Quebrada Pro Wrestling, Puroresu, & Mixed Martial Arts Reviews by Mike Lorefice

OZ Academy Puroresu King #93 11/25/06
21st OZ Academy taped 11/17/06 Tokyo Shinjuku Face

Marvelous Night Special Sonoko Kato Restart Again!! 10/1/06 Tokyo Shinjuku FACE: Sonoko Kato & Aja Kong vs KAORU & Meiko Satomura 7:43 of 19:41. Good to see Sonoko back in the ring. She wasn't running as fluidly or freely as she did before all her knee injuries, but she was generally quite good. It was hard to gauge how healthy she really was because she did such a nice job of selling the knee as part of both the return and match storyline. In any case, if she's consistently at least at this level she'll easily rank among the better third of joshi wrestlers. Aja was edited out of the match because their only reason for showing anything from the 10/1 show was to give us a look at Kato. Apparently KAORU was paired with Aja, as she was nowhere to be seen either. Good.

~THE WIZARD OF Oz~ OZ Academy Openweight Title 1st Single Champion League Match: Aja Kong vs Chikayo Nagashima 7:47. A well executed match that helped remind us that when God wanted the real Devil, he made Aja Kong. Kong was in brawling mode, bullying Nagashima, who was soon sporting the crimson mask. Chikayo was pretty lifeless throughout, only surviving because Kong refused to pin her after each of her 3 urakens. She woke up a little after Kong pulled her up from a pin attempt the first time, but Kong cut her comeback right off and tossed her around some more so she could pull her up again! Finally, the ref had to stop the match because Nagashima was completely limp. Obviously, the problem with this match is Nagashima, the best worker actually in the league, was completely jobbed out for no good reason. It was so one-sided I kept thinking Nagashima must be going to score a flash pin, but she had maybe 30 seconds of offense. **

~THE WIZARD OF Oz~ OZ Academy Openweight Title 1st Single Champion League Match: Mayumi Ozaki vs Dynamite Kansai 5:38. Ozaki vs. Kansai was one of the best programs of the 1990's, they weren't exactly adding another brilliant chapter to their legacy tonight, to say the least. Police got some cheapshots in to give Ozaki the advantage then Ozaki blitzed Kansai with endless backhand blows. I mean, Kansai basically stood there taking wild spinning strikes for 5 minutes, and that was the entire match! If Ozaki were Kobashi, this might almost be acceptable, but by focusing on keeping the pace of the urakens to keep the pressure on Kansai, the impact was that much sketchier than usual. *

Carlos Amano Produce: Azumi Hyuga & Tsubasa Kuragaki vs Ran Yu-Yu & Carlos Amano 14:47 of 23:45. If this is any indication, they should allow Amano to play matchmaker more often. Her JWP Class of 1994 reunion match was certainly one of the best matches in the history of OZ Academy. They worked hard and experimented a little, taking advantage of the strengths of all four members. Everyone was very good and put forth a big effort, but, of course, Hyuga was a class above the rest. She's a workrate machine, but she doesn't merely speed up the match, she forces the others to develop their counters at this high pace. Hyuga's fast sequences with Ran were exquisite, but I can't emphasize enough that what was so good about the match wasn't the plethora of cool spots, but that Hyuga forced her opponents to make intricate counters to pull them off. When Azumi wasn't in, it was still big moves throughout, but there was no particular creativity involved, as they essentially just waited for the opposition to pummel them. I give Kuragaki a lot of credit for working hard enough to reach the level of her classmates, especially after never making it as far as debuting with her class, then going through it all again 4 years later, at which point she was still quite a slow developer. She'll never be as naturally talented, but the combination of effort and being a spot merchant keeps people interested in her. The match seemed to go on about a minute too long. The whole thing was basically a fast paced finishing sequence, but they not only didn't have anything better than earlier, they started running out of ideas and getting sloppy. ***3/4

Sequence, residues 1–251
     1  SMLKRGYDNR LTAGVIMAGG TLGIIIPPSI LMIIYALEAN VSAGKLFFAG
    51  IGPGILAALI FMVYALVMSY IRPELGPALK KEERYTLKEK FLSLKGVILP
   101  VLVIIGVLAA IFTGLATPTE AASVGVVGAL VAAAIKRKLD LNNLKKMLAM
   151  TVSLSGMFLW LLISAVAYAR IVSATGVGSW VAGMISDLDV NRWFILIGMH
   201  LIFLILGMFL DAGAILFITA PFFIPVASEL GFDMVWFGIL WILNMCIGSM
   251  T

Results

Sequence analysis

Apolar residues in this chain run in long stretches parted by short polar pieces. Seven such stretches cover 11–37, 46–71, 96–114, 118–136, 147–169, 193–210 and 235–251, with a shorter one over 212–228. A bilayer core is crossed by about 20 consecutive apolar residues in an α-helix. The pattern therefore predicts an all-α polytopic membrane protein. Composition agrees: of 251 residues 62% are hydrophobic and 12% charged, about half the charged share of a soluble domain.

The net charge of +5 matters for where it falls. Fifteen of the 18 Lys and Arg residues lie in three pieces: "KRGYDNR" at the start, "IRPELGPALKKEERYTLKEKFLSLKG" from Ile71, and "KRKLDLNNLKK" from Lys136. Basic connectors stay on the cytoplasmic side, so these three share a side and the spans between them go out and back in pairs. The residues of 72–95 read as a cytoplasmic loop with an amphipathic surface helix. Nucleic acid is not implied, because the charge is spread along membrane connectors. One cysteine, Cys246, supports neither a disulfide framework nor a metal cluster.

Chikayo Nagashima Produce: Meiko Satomura & Sonoko Kato vs Chikayo Nagashima & Toshie Uematsu 13:33 of 14:53. An hour after being demolished, Nagashima is suddenly a star again, putting together the GAEA Class of 1995 reunion match. The pace was similarly fast, but the maneuvering wasn't nearly as elaborate and advanced as in the JWP reunion match. Well, to be more specific, Nagashima vs. Satomura was actually up to JWP level, but Uematsu isn't capable of coming close. Nagashima's cut reopened quickly, and Uematsu wound up trying to pick up the slack to give her a break, which wasn't helping the match. Uematsu worked really hard, but was simply outclassed, particularly by Satomura, who was on fire. Kato was protected, but did okay with Nagashima mainly working her bad knee to lead up to the finish. Match had a couple interesting spots. At one point, Nagashima German suplexed Uematsu out of the way of Satomura's high kick with Uematsu taking no damage because she landed on her feet. Later, Kato & Uematsu fought over a chair, so Nagashima hopped on it and jumped off with a Frankensteiner to Kato. ***1/4

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